New Life Looming For Manayunk Yarn Mill

 

Wilde Yarn | Image: Bloomfield and Associates

A thoughtful mill-to-apartment conversion is in the works for the Wilde Yarn Mill on Main Street just above Kelly Drive in the southeastern corner of Manayunk. Construction is likely to begin on the 45-unit complex in spring 2013, according to the project’s developer Scott Janzen. The Wissahickon Neighbors Civic Association gave approval to the project during a meeting Monday night after the developer met the WNCA’s requirement that the project contain a parking space for each apartment unit.

Scott Janzen inside the Wilde Yarn Mill | Photo: Hidden City Daily

The project, which combines the sensitive preservation of the complex’s 1884 and 1932-era buildings with contemporary architectural additions, is meant to attract young professionals who work in Center City and the suburbs. From the Wissahickon Regional Rail station directly adjacent to the site, it’s a 15 minute ride to Market East.

“Everybody by and large thinks it’s a good development,” said Janzen. “The buildings aren’t looking their best anymore.”

Current Wilde Yarn exterior on Main Street | Photo: Hidden City Daily

Wilde Yarn | Image: Bloomfield and Associates

The oldest part of the mill, built in 1884, up the hill next to the Wissahickon train station | Photo: Hidden City Daily

The mill, which was owned by descendents of the founders John and Tom Wilde, was constructed in three phases: 1884, 1932, and 1984, the last part on the foundation of a Philadelphia Electric Company glass works. Though the operation had been dwindling in recent years, Wilde Yarn had remained in operation until 2008; for years it had been the oldest carpet yarn mill in operation in the US and it was the last completely intact textile mill of its kind in Philadelphia. Until recently filled with machinery to process raw wool into yarn for carpets, Wilde has often drawn the attention of industrial historians and photographers. (Check in later today for our photo collection on Wilde, including work from several photographers. See it HERE.)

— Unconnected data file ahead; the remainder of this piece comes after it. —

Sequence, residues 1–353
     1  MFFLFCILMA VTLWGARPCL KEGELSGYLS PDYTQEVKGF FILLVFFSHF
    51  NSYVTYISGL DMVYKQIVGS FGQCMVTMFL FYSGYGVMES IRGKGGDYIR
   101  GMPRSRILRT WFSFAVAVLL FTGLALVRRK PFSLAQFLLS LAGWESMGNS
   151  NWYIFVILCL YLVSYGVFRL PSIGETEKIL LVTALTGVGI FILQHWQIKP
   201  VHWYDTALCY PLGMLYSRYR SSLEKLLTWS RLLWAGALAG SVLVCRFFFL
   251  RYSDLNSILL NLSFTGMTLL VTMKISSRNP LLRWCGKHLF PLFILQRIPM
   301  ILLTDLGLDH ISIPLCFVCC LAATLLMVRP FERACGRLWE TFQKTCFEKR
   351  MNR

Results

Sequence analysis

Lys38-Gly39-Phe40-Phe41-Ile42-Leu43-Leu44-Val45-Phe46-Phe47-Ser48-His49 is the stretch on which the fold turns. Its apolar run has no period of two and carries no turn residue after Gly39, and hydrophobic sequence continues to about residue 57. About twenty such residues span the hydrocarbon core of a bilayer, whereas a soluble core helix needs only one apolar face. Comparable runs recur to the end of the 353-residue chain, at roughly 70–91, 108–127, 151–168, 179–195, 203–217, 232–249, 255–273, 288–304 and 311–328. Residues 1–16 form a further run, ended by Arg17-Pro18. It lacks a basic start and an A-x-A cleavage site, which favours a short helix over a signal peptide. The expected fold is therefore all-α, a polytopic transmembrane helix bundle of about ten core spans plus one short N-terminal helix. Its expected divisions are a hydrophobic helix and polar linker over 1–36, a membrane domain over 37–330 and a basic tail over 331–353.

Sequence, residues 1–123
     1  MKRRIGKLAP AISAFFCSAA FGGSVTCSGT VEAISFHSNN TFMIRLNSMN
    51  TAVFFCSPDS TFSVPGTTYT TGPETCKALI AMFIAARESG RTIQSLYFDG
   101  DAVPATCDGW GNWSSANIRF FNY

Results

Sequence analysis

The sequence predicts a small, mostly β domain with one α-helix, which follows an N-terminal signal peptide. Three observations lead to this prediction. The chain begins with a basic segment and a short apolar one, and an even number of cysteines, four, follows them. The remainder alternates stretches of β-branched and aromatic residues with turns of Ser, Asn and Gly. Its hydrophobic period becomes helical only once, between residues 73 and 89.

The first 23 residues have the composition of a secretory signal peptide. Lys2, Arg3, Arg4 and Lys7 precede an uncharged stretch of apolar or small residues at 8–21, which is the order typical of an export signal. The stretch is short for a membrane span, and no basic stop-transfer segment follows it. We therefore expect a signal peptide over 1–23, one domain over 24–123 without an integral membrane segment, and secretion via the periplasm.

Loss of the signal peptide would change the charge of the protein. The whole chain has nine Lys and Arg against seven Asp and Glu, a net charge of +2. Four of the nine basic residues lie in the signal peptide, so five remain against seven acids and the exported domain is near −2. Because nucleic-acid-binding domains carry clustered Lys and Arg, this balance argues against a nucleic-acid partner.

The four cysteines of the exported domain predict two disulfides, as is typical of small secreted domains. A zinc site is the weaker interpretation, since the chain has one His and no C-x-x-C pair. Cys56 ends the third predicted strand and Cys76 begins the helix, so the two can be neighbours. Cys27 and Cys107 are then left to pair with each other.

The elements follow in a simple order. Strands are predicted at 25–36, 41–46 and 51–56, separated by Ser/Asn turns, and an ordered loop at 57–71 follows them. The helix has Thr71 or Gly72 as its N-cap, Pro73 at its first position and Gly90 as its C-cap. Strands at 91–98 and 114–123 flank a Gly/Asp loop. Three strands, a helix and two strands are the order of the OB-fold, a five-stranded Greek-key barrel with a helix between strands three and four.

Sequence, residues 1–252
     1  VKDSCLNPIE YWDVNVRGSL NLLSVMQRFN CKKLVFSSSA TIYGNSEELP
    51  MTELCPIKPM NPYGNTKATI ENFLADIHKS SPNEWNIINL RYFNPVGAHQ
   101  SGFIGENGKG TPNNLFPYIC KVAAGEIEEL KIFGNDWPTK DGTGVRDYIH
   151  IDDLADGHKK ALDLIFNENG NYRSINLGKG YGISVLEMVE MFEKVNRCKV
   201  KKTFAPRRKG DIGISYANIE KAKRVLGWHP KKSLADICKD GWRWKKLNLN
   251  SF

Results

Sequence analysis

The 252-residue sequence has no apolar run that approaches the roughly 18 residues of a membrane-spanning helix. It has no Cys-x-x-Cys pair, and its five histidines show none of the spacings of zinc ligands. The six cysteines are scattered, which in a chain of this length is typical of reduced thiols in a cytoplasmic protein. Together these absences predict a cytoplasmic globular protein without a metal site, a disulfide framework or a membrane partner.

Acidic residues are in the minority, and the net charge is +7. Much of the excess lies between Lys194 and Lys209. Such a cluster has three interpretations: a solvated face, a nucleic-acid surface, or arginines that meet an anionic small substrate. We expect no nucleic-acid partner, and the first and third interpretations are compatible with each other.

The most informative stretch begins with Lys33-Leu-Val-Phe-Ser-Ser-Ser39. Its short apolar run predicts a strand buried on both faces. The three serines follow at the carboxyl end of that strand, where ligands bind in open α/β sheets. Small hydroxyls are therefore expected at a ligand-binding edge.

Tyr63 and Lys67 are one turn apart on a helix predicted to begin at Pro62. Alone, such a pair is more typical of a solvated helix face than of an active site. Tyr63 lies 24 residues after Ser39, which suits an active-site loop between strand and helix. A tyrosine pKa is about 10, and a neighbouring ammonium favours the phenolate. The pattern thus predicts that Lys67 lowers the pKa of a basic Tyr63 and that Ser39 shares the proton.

Disassembling the Wilde Yarn machinery | Photo: Hidden City Daily

Janzen and his partner, the architect Peter Bloomfield, have enlisted the Mt. Airy-based furniture and lighting designer Robert True Ogden to disassemble the mill. Ralph Lauren’s Double RL stores will feature Odgen’s display cases and lighting made from repurposed Wilde equipment, most of which dates from the late 19th century to the 1930s.

For much of its history, Wilde was a fairly small operation among the dozens of mills and dye houses of Manayunk. After Dupont began marketing synthetic carpet fibers in the 1930s, Wilde became a specialty supplier of woolen yarn; among its last customers was the Navajo tribe, for the making of traditional blankets and carpets.

Janzen said he envisions building a 30 foot tall “totem pole” of gears and wheels salvaged from the mill as common area decoration and hopes to salvage the buildings’ maple flooring. He said it is likely they will pursue the nomination of the mill to the National Register of Historic Places, a designation that would make the project eligible for historic preservation tax credits.

“1884” — Wilde Yarn smokestack | Photo: Hidden City Daily

The project will be the largest Janzen, a real estate consultant, and the architect Bloomfield have done together.

Steve Currall contributed reporting to this article